The first day of school can be scary…for both students and teachers! You meet new people, assess which classes might cause trouble or might be easy to manage, and get used to waking up early again. So, how can teachers make the first day of school clear and manageable for both themselves and their students?
For younger students, seating plans definitely help with learning names. Choose an order that works for name memorization at the beginning, then switch up the seats as problems arise or just as the year continues. Alphabetical by either first or last name can be a huge help when trying to remember. When calling attendance, make sure to look up and notice the student that answers after each name.
For older students, you may choose to have a seating plan as suggested for younger students, but it can be good to let them have a bit more freedom within the classroom. If you choose to forgo seating plans, consider letting the students make their own nametags for the first few weeks of school.
Spend some time letting the students decorate their nametag. As long as the name is legible, their decorations may also help you learn about each student’s personality. Letting them personalize it also gives them a sense of ownership over it. They can leave it in the classroom at the end of the period and pick it up when they return.
Whatever you teach, learning student names is essential. Student surveys have indicated that knowing an instructor knows them is very important. Additionally, studies have shown that knowing names increases community, accountability, and trust.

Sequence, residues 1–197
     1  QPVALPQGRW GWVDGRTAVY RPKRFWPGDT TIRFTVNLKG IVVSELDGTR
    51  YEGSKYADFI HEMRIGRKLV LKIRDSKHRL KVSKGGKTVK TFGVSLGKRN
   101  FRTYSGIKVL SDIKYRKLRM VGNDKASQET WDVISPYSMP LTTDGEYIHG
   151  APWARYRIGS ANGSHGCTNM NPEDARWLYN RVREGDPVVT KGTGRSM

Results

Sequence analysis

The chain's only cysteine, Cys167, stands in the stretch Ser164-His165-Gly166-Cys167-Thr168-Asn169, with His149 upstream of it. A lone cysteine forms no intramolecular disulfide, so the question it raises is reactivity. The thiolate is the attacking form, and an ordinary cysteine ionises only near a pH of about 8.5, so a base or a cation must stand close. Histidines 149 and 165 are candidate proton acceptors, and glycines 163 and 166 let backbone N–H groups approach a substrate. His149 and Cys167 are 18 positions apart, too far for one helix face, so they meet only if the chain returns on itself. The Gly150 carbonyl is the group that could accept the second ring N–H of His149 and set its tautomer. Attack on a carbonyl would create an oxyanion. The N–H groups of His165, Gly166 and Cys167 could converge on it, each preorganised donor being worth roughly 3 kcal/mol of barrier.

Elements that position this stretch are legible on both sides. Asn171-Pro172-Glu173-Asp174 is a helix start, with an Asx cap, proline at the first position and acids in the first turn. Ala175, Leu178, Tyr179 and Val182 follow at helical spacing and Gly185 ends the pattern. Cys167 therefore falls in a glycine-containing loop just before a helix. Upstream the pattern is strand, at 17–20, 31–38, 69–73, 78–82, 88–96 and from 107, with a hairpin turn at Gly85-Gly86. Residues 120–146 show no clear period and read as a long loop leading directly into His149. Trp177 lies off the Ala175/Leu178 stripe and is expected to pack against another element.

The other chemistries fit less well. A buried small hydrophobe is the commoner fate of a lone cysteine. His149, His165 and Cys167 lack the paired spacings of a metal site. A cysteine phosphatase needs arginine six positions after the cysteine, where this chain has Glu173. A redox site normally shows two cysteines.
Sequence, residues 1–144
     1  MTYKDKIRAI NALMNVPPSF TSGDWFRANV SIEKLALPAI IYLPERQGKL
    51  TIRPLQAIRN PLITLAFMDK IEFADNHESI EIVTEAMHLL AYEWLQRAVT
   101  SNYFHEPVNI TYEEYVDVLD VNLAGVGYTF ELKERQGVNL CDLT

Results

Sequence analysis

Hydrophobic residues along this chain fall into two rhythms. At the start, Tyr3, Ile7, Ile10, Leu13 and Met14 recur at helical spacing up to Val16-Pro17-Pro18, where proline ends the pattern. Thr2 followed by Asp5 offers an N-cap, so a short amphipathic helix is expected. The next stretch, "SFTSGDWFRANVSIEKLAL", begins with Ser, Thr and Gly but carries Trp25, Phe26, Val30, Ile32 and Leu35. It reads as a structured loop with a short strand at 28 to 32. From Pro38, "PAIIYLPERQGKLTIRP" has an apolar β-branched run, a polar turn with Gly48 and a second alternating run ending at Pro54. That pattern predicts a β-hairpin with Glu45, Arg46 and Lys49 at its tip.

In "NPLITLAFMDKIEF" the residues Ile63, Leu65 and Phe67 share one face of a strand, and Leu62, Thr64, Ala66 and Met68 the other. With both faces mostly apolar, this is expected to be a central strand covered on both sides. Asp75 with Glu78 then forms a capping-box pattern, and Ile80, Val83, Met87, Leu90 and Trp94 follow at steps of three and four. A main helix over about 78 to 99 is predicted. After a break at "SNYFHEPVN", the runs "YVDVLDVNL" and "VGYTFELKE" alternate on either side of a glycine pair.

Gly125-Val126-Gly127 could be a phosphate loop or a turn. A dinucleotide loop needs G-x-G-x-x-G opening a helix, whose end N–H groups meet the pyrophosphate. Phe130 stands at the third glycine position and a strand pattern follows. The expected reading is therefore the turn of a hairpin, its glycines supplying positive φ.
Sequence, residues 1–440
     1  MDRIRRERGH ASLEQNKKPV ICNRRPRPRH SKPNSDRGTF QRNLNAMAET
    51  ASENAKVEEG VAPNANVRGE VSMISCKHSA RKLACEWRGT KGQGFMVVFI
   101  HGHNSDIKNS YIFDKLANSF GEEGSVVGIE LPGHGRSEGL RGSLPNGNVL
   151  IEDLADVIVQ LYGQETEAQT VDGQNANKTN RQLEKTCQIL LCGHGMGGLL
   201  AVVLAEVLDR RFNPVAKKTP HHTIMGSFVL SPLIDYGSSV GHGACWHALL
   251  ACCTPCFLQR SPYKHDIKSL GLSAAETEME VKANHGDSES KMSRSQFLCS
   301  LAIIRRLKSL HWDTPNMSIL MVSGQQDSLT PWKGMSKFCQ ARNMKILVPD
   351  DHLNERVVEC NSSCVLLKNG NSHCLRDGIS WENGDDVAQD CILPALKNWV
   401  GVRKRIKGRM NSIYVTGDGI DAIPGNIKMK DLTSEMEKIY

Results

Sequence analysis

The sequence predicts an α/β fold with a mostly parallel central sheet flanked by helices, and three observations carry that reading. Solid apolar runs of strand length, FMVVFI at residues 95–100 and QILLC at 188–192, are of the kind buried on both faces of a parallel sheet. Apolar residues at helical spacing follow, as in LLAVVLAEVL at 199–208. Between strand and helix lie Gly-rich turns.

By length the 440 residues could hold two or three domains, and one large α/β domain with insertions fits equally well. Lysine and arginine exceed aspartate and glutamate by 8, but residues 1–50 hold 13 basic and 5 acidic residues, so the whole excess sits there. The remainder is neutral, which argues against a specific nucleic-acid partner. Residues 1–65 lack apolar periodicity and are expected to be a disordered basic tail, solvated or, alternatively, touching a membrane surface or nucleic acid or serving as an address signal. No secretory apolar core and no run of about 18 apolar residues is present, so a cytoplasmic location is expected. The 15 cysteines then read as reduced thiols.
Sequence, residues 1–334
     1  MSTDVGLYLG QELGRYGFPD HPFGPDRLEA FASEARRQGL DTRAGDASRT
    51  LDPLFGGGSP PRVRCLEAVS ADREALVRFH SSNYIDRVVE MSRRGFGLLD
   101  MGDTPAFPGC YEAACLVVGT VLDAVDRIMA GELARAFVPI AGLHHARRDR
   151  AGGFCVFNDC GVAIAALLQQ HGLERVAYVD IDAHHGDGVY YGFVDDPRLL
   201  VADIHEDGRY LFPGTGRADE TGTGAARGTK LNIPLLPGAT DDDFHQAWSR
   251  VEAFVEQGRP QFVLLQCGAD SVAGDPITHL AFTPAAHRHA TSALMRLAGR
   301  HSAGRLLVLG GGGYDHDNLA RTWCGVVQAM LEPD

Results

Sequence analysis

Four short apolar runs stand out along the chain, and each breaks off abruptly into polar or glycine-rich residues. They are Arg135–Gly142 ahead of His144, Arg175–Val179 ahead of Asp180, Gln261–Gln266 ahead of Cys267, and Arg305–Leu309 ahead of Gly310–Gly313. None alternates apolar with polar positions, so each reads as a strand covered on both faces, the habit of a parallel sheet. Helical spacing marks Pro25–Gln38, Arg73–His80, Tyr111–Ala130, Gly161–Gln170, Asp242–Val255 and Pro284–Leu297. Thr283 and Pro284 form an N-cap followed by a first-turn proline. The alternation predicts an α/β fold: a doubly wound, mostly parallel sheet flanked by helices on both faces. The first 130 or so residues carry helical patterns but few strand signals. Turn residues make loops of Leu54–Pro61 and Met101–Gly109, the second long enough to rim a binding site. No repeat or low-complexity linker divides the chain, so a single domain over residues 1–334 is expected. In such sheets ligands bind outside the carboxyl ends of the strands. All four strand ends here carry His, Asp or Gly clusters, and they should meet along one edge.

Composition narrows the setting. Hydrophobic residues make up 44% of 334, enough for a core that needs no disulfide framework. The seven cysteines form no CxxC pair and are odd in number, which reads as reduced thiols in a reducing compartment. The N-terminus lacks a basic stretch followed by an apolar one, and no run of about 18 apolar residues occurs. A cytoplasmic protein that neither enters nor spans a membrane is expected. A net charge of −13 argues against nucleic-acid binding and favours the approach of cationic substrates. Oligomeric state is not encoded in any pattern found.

Get to Know Each Other
Break the ice! Not only can ice breakers help you learn names from the first day of school, it also lets members of your class get to know each other. Ice breakers can also help you recognize personality types among your students, allowing you to get a basic understanding of how to treat each of them to facilitate their learning.
For younger kids, it may help to get their nervous energy out through an ice breaker that involves physical activity. Here’s a list of ice breakers that involve some moving around on the part of the students.
For older students, particularly ones who have begun having many teachers, try to come up with something unique! They’ve probably spent all day playing classics like Two Truths and a Lie. Check out these two lists for some ideas that can serve as bouncing off points for discussion.
Lay Out the Rules
It seems like this would be the most boring part, but it’s also important. Students who know expectations from the beginning won’t violate them accidentally. Making sure there’s a clear place where rules are laid out can be helpful for those who need reminders.
For older classrooms, particularly in discussion-heavy classrooms, have your students express their expectations. How do they want a discussion to be run in the classroom? If a student feels comfortable within rules, they may share their opinion more often. Consider taking some time to discuss a code of conduct for the classroom that works for everyone. If they need a jumping off point, here’s a list of basic rules.
Game Based Learning
While Excavate! might not be the ideal way to start the school year (although, why not?), now is the best time to buy the series. Using the code BACKTOSCHOOL18, get 30% off on all the Excavate! games in our online store. These can be used on Chromebooks or other school issued laptops to teach critical thinking, analysis skills, and facts about six unique ancient civilizations. Dig into the series today!